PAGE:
alex

Memory upgrade.. oh yeah!

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Since I was ordering parts from Digikey anyway, I thought I'd upgrade my "prehistoric" experimental hardware version 0.1 Papilio Plus so here we are, my shiny Papy now struts a 64Mbit Macronix flash and a 512Mbit x16 SRAM.

Curse you Jack :P for not routing that extra pin even if it was a NC on the original chip, had to use a 0.2 mm enamel wire to bring my top address bus bit back to the FPGA.
Did it work? I hear you ask, ohhh yeahhh... and what better way for the first test than to flash Bombjack and have a quick game since it test both the SRAM and the FLASH chip where the game ROMs are stored.

Hey Jack, not that I don't love the flashy gooey noob friendly Papilio Prog 2.2 but is there still an old skool, command line, Windows executable that will let me burn the bitstream to the Macronix flash?

1pxeuf.jpg

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Alex,

This looks great! Sorry for missing that last address line, I felt pretty stupid when I realized I missed it. :)

I had a feeling some people would prefer the old tools so I included a "scripts" directory in the new Papilio Loader install that is the old stuff. You can just go into the scripts directory and associate bit files with the Papilio_Programmer.bat file to have the old stuff in place.

Looks like a real nice soldering picture there!

Jack.

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Yeah I bought this cheap ass, hot air rework station off ebay as reviewed on the EEVblog

which did the job quite nicely removing the old chips, I was actually surprised the hot air took off the SRAM chip being so large with so many pins. That picture looks quite deceiving, being zoomed in, in real life that wire is hair thin. I've secured it with kapton tape from being knocked about.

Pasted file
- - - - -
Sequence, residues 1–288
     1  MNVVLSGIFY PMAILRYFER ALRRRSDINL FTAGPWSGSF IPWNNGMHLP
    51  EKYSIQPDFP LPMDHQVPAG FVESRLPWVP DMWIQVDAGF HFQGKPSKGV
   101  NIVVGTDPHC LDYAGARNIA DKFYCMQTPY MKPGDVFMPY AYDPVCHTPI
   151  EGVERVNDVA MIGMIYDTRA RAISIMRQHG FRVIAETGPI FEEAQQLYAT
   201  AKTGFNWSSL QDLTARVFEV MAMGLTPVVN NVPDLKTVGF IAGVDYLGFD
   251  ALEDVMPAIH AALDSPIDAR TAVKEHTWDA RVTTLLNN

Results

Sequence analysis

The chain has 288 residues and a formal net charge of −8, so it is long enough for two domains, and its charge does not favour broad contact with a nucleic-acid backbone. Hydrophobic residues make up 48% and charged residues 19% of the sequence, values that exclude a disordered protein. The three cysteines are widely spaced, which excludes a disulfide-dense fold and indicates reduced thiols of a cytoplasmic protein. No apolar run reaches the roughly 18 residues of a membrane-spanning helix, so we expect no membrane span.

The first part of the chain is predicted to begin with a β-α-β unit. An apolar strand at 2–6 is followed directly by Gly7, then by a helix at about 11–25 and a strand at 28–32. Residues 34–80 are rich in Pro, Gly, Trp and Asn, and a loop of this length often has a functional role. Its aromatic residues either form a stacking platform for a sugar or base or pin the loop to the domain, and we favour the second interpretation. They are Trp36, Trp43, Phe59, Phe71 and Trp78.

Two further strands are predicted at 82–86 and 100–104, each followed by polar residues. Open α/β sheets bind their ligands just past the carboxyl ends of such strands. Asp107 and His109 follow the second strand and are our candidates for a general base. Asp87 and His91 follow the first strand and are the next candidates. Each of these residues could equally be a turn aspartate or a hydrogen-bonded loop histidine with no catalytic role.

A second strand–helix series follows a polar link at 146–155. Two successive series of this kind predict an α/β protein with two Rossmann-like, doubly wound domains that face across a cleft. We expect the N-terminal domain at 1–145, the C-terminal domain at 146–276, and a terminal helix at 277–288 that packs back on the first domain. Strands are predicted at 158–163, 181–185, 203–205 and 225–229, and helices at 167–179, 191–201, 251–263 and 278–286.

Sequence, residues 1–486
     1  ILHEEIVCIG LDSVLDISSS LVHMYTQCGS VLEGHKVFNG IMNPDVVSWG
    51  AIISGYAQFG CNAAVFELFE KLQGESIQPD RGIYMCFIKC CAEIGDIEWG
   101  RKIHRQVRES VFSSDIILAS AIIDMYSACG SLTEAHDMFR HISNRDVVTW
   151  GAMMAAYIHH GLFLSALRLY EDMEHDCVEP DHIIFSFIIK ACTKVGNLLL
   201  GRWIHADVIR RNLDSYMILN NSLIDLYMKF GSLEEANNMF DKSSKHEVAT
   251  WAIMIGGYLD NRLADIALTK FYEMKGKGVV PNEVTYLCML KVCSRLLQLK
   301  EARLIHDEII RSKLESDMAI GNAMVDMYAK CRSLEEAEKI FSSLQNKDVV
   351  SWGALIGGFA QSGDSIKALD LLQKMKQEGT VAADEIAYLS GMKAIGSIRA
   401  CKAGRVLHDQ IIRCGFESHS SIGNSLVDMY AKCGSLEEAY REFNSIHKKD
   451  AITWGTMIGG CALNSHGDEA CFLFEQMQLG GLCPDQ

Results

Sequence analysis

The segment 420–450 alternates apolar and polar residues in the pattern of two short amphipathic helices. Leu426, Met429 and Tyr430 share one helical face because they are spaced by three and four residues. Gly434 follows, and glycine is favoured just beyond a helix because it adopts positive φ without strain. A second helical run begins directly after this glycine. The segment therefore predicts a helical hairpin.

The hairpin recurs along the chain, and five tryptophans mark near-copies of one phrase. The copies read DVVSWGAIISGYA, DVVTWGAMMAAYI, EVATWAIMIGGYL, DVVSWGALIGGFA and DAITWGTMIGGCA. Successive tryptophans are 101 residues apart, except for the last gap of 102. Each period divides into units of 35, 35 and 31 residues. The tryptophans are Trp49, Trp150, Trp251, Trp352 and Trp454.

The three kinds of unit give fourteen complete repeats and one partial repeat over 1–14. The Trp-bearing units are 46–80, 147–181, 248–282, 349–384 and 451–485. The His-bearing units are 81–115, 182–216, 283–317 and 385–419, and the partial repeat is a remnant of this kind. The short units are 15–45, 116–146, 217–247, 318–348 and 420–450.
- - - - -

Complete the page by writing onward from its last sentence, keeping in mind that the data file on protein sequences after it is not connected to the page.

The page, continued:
About the loader, silly me! In my excitement to just get the board tested I didn't go looking in the install subdirectories. Thanks for still providing the old tools :)

A

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So no point starting another topic since recycling old ones is good for the environment :) Seeing as my experi-"mental"/prototype Papilio Plus mentioned above never saw the light of day as a product that you can buy in the shop and since I already upgraded the RAM, I figured there's no point delaying it... there's no reason to cling to any sort of compatibility with any of the very few others that have a similar prototype board. I decided to fix the one thing that most annoyed me about this board, the lack of separate upper/lower byte enables. Having those would let me access the 16 bit SRAM data bus one byte at a time and there are many advantages to that and no disadvantages.

 

So out came the crafts knife, quick slice on the PCB between RAM pins 39 and 40 cut through the thin joining PCB trace separating these pins forever. Pin 40 (/BHE) remained connected to FPGA pin 26 while pin 39 (/BLE) was now floating. Not for long, a quick solder job to connect it via some super thin wire to the spare FPGA pin 8 finally accomplished my goal. The other wire is from the earlier mod I did in this very thread, scroll up if you missed it.